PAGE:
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Despite a succesful test flight of a prototype of its Ares I rocket, an independent panel insists NASA is on a collision course.  (Source: MSNBC)

The panel, led by former NASA officials, many of whom now work in the private sector, insists that the Ares program should be put on hold and NASA should rely on commercial rocket develop by companies like SpaceX, whose rocket is pictured here.  (Source: 62MileClub)

They also take issue with Congress's plan to scrap the Internation Space Station in 2015.  (Source: NASA)
The future of NASA is murky as different opinions are voiced

As new space powers like China and India surge ahead with their efforts to create moon bases and launch manned missions to Mars, the U.S.'s space program sits at a crossroads.  Once one of the world's brightest scientific beacons, an underfunded NASA now has to come to grips with the reality that it may be beaten in the critical return to the Moon and journey to Mars.  Now with the Ares I rocket prototype having logged its test flight, the true decision time about the fate of NASA begins in the government and scientific forums.

Many complain -- we've already gone to the moon, why go back?  "And what's the point of expensive programs like the International Space Station (ISS) that cost taxpayers millions and return results that on the surface don't seem a cost-effective way of solving pressing Earth based problems?" they argue.

On the other hand, the lure of exploration and scientific discovery are always driving forces, as is national pride.  While the NASA officials would be unlikely to admit it on record, most will be embarrassed if we get beaten to Mars.  For these reasons alone, the U.S. is unlikely to turn away from its dreams of exploring the solar system -- however, the critical emerging argument is how best to achieve such dreams.

Retired aerospace executive Norman Augustine is leading a panel that has supplied a 155-page report to Congress with suggestions from individuals intimately involved in NASA's past successes.  The panel has suggested some rather drastic shifts in the government's space spending strategy.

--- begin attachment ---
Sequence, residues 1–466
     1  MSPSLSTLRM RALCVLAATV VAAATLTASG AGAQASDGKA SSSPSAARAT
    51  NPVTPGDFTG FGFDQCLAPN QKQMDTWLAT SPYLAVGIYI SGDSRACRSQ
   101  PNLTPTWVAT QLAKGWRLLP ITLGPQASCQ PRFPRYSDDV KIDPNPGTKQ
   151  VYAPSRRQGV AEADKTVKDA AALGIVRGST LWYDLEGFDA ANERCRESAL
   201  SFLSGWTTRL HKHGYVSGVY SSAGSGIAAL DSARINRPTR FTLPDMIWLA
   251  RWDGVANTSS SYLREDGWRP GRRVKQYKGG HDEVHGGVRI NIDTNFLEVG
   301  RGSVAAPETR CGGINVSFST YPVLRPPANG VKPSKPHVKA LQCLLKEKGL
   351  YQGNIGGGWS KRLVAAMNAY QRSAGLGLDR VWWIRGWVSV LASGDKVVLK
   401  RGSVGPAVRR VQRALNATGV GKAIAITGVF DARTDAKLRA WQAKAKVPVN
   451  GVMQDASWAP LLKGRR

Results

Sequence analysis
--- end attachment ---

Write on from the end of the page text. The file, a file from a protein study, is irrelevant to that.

Among the panel's recommendations are to focus on refining Ares I before deploying it and, in the meantime, buy rides to low-Earth orbit from foreign players.  It also recommends that rather than scrapping the ISS or shuttle fleet, to instead retain them, using them on a reduced basis.  Finally, it recommends that rather than trying to set up a moon base, we instead focus on traveling to Mars, or alternative low gravity destinations such as near-Earth asteroids or the Martian moons.

Congress, though, largely feels that the such drastic changes are unnecessary, and is leaning towards pumping $3B USD extra into the space agency to try to fix its problems.  U.S. Sen. Bill Nelson — a Florida Democrat who flew aboard the space shuttle and helped convince President Barack Obama to give NASA's top spot to his former mission commander, Charles Bolden – says that President Obama promised him, "NASA will get enough money to do what it does best: go explore the heavens."

Rep. Gabrielle Giffords,  an Arizona Democrat who is married to an astronaut and chairs the House Space and Aeronautics Subcommittee, characterized the Ares I-X prototype test program as "well managed" and "executable".  She said that the test flight showed NASA to be "on track with its human space exploration program", and that no major policy shift was needed.

The Augustine Panel, though, insists NASA's plans are a surefire recipe for failure.  They say that the return to the Moon will cost approximately $145B USD -- $45B USD more than previously estimated.  Given the current NASA budget of $18B USD yearly, even President Obama's planned cash infusion won't be able to provide enough funding by 2020, the planned mission date, the panel argues.  The panel adds that the shuttle fleet's retirement timetable is unrealistic and should be extended to 2011.  And it sharply remarks about the government's plans to shutter the ISS in 2015, commenting, "It makes no sense to shut down the space station after five years of operation."

The panel argues that rockets from commercial startups such as SpaceX's Falcon 9 and Orbital Sciences Corp.'s Taurus 2 would better serve the industry.  Here a critical question becomes whether Augustine and his colleagues -- many of them who work in the private sector -- can offer unbiased analysis, given that many of them would stand to profit from such a shift.

Currently NASA plans on offering $50M USD over the next year to fund the commercial development of rockets to carry astronauts.  The Augustine Panel, though, suggests that Ares won't be ready for manned missions by 2017, and that heavier investment in commercial endeavors is the only practical approach.  XCOR Aerospace's Jeff Greason, a member of the panel said it was his "personal opinion" that commercial rockets were a better value than Ares.